AbstractSustainable development is not a clearly defined concept characterised by precise action. Rather, it is a vague notion such that, analytically and politically, it has generated a contradictory discourse, in which it is open to a variety of interpretations and implementation mechanisms. Consequently, attempts to implement principles of sustainable development by embedding them into policies in a practical manner is a dynamic and controversial socio-political process.
This thesis examines if and how principles of sustainability are translated into public policy through a close analysis of the pattern of tourism policy-making in a specific geographical and political social formation, the Northern Territory (NT) of Australia. The key vehicle for this study, which focuses in particular on the period between 1992 and 2000, is the Northern Territory Tourism Development Masterplan (TDMP) and the debates and processes surrounding its genesis and implementation.
This study of tourism public policy is conducted within the analytical framework of three different, though complementary, conceptual perspectives (the systems approach, the policy cycle model and the policy network approach); when combined, they provide a tool for a comprehensive and detailed description and explanation. It is argued that to comprehend the tourism system in the Northern Territory, it is fundamental to develop an understanding of its policy environment, in particular its political dimensions. The complex amalgamation of local factors is an important element, which shapes processes of tourism public policy in the case study area. Against this background the development of the TDMP is explored in greater detail to highlight its process character and to explain the dynamics underlying tourism policy and decision-making in the NT.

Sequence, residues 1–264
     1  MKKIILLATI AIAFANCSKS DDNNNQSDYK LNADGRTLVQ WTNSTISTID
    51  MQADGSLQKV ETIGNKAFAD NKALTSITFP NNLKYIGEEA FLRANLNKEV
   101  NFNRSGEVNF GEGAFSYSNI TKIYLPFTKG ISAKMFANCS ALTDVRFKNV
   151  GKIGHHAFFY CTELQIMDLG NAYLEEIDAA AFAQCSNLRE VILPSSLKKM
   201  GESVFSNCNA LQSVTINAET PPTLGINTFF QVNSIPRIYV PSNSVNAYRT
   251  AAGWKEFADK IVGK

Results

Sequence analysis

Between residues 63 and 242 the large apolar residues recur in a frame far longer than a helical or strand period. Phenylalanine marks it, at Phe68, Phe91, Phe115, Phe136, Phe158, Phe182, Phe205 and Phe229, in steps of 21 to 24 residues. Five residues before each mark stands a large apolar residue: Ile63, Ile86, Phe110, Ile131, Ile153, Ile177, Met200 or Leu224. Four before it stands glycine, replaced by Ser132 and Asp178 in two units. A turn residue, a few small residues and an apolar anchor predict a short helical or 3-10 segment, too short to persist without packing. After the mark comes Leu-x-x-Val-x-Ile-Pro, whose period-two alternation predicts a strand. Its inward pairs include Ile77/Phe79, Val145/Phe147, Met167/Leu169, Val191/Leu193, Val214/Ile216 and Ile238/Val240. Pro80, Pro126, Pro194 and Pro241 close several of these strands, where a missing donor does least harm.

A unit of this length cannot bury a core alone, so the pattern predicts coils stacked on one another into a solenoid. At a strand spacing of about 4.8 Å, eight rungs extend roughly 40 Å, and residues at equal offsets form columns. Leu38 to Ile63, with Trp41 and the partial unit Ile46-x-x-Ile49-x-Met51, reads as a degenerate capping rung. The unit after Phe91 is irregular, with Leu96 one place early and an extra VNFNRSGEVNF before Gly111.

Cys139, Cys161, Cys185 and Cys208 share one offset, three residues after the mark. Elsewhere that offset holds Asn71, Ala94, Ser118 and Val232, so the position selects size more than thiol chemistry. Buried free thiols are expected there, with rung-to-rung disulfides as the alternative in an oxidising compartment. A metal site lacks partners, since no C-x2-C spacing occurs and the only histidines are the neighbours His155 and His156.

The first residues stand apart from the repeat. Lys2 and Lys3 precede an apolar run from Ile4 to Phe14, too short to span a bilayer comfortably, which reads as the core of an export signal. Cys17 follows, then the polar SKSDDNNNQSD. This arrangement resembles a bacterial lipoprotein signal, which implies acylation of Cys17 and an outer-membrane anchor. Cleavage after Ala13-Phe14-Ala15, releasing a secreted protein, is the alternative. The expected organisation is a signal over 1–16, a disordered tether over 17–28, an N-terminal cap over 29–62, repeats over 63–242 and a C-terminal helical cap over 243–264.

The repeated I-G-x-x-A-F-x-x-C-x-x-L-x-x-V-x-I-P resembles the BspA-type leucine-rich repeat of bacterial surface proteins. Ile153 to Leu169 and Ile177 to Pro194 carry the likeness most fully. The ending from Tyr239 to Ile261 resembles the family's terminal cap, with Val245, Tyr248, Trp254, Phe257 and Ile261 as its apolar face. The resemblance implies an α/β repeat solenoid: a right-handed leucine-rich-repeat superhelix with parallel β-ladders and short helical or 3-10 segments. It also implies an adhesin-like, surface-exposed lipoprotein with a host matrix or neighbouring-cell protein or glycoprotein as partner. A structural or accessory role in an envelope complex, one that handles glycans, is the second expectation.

Further, the complex nature of the interactions between the various actors who contributed to or participated in the development of the TDMP is described and explained.
The thesis explores the various ways in which the existing political framework facilitated or hindered the incorporation of principles of sustainable development. It is argued that two main themes or considerations dominated the TDMP process. One was the key role played by the NT government in 'driving' the process and the other was a paradigm of developmentalism. These two preoccupations controlled the nature of the political debate, determined the forms of consultation and policy co-ordination and thereby shaped the content of the TDMP. It is argued that the specific economic and political climate in the Territory was not sympathetic to the idea of sustainable tourism and explains why the sustainability agenda was not of prime concern in the development of the TDMP.
In summary, the thesis provides a systematic account of tourism policy-making in the NT. Just as importantly, it aims to provide through its case study a better understanding of the interaction between tourism and political processes. From a political science perspective it advances theoretically and practically the study of tourism public policy and tourism policy-making processes. The thesis also aims to move forward the debate about the policy perspectives of sustainable tourism and the translation of the sustainability agenda into the tourism system.
Note: Permission to display Abstract only.
|Date of Award||Mar 2003|
|Supervisor||Jim Jose (Supervisor)|